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Nature. 2019 Feb;566(7742):65-72. doi: 10.1038/s41586-019-0889-9. Epub 2019 Feb 6.

Global environmental consequences of twenty-first-century ice-sheet melt.

Author information

1
Antarctic Research Centre, Victoria University of Wellington, Wellington, New Zealand. nicholas.golledge@vuw.ac.nz.
2
GNS Science, Lower Hutt, New Zealand. nicholas.golledge@vuw.ac.nz.
3
GNS Science, Lower Hutt, New Zealand.
4
Earth and Planetary Sciences, McGill University, Montreal, Quebec, Canada.
5
British Antarctic Survey, Cambridge, UK.
6
MARUM Centre for Marine Environmental Sciences, University of Bremen, Bremen, Germany.
7
Department of Geology, Rowan University, Glassboro, NJ, USA.
8
Department of Geography, Kings College, London, UK.

Abstract

Government policies currently commit us to surface warming of three to four degrees Celsius above pre-industrial levels by 2100, which will lead to enhanced ice-sheet melt. Ice-sheet discharge was not explicitly included in Coupled Model Intercomparison Project phase 5, so effects on climate from this melt are not currently captured in the simulations most commonly used to inform governmental policy. Here we show, using simulations of the Greenland and Antarctic ice sheets constrained by satellite-based measurements of recent changes in ice mass, that increasing meltwater from Greenland will lead to substantial slowing of the Atlantic overturning circulation, and that meltwater from Antarctica will trap warm water below the sea surface, creating a positive feedback that increases Antarctic ice loss. In our simulations, future ice-sheet melt enhances global temperature variability and contributes up to 25 centimetres to sea level by 2100. However, uncertainties in the way in which future changes in ice dynamics are modelled remain, underlining the need for continued observations and comprehensive multi-model assessments.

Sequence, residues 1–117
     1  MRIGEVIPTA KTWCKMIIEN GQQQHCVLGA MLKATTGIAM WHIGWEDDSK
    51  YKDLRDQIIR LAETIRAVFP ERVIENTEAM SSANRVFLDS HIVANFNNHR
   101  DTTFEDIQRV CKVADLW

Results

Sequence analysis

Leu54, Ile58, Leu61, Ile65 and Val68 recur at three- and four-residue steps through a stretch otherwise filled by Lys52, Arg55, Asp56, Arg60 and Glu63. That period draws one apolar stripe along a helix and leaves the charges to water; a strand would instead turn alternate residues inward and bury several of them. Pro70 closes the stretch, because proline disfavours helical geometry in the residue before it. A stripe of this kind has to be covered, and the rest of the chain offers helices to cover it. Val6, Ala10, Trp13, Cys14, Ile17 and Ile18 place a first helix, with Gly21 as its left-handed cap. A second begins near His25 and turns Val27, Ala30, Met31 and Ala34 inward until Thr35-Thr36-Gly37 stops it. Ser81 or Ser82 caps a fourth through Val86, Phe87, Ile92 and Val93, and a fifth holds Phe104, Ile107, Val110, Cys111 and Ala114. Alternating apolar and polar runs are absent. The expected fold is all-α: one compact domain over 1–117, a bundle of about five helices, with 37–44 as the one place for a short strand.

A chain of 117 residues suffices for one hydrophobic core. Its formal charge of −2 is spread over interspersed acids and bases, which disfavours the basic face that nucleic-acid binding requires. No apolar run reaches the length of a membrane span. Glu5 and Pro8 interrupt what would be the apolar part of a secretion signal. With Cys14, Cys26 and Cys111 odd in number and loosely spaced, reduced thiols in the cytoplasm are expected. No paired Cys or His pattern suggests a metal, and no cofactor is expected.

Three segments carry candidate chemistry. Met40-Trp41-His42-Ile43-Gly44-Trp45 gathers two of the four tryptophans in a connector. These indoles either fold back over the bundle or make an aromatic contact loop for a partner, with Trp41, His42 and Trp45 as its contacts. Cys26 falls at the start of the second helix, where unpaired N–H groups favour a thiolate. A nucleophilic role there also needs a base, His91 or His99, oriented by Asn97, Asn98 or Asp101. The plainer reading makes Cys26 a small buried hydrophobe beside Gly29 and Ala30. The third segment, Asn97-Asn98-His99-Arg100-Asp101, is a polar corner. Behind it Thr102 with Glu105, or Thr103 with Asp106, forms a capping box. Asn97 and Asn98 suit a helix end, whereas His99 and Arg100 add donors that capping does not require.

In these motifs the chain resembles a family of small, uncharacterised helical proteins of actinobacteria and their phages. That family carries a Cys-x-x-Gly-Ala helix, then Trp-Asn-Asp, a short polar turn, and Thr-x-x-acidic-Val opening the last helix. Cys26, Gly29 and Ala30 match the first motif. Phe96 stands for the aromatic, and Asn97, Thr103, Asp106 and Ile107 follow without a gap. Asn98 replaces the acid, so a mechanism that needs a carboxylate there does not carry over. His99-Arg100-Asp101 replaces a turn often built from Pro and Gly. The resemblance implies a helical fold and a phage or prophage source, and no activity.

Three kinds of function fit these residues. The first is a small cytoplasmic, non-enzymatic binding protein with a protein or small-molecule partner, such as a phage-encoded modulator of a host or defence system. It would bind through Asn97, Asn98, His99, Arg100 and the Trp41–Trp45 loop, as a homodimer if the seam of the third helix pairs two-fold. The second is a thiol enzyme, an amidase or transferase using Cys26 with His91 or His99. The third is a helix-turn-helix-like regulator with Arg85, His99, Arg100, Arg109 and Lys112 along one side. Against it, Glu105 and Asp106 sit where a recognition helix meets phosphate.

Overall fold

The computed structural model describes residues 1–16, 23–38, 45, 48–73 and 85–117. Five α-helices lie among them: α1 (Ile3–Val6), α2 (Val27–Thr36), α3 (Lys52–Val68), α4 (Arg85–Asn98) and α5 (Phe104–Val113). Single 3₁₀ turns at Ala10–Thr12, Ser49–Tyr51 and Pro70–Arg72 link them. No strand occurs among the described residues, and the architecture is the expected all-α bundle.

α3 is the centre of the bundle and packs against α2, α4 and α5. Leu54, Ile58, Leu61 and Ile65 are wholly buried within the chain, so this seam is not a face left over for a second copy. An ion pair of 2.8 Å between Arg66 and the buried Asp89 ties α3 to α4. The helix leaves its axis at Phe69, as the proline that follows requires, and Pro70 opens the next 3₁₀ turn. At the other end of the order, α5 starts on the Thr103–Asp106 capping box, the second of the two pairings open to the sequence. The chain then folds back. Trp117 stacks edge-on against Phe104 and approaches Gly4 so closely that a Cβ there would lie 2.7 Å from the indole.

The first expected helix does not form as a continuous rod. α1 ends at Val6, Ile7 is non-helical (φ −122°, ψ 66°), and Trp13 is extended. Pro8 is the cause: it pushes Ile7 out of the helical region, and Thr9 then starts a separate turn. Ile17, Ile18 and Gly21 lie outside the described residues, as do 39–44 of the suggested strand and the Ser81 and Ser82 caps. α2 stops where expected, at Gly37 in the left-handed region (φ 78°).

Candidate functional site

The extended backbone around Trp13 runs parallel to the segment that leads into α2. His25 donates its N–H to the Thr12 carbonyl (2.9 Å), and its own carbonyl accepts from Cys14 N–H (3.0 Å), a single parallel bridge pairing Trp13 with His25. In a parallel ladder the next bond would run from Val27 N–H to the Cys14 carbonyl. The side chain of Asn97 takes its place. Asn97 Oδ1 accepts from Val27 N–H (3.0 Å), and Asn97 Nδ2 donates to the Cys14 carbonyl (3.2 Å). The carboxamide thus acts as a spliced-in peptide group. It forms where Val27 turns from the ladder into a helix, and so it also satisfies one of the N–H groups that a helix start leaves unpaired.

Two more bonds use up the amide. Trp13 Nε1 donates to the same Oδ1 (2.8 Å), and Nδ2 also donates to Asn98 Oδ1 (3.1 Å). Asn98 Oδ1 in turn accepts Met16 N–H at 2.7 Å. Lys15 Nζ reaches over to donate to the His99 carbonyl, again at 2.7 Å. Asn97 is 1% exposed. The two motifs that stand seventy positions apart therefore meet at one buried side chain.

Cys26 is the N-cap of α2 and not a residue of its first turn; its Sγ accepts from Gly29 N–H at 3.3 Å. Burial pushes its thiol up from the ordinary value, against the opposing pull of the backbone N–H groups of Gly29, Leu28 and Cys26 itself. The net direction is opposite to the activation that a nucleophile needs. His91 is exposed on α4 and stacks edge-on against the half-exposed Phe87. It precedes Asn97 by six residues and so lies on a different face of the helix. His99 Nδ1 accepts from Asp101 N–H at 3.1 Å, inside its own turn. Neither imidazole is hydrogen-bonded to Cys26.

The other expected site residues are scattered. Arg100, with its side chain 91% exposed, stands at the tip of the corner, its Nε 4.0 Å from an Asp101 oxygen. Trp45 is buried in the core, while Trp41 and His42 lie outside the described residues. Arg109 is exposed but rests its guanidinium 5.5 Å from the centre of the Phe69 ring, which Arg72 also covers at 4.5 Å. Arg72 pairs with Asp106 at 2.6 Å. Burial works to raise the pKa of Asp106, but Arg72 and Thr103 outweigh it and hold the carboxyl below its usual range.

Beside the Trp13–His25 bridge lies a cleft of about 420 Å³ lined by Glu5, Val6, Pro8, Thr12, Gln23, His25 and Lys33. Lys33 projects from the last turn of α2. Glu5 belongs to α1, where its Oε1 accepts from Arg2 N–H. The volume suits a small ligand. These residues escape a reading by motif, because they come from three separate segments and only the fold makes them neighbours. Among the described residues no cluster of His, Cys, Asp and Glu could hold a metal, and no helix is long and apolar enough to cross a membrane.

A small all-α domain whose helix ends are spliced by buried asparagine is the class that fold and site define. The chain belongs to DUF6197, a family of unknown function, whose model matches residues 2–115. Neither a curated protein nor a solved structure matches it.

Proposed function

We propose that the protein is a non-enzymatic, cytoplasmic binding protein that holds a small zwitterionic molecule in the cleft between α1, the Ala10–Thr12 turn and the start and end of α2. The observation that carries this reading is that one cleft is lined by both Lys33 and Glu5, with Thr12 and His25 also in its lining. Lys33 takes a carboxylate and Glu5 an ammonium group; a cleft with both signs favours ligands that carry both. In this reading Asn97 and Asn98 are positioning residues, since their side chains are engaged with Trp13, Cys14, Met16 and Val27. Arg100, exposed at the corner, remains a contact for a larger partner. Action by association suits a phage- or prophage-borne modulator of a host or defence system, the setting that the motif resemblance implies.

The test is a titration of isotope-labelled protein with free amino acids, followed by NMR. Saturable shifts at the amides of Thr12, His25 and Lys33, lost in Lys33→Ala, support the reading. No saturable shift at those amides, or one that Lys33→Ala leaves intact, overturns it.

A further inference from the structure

PMID:
30728520
DOI:
10.1038/s41586-019-0889-9

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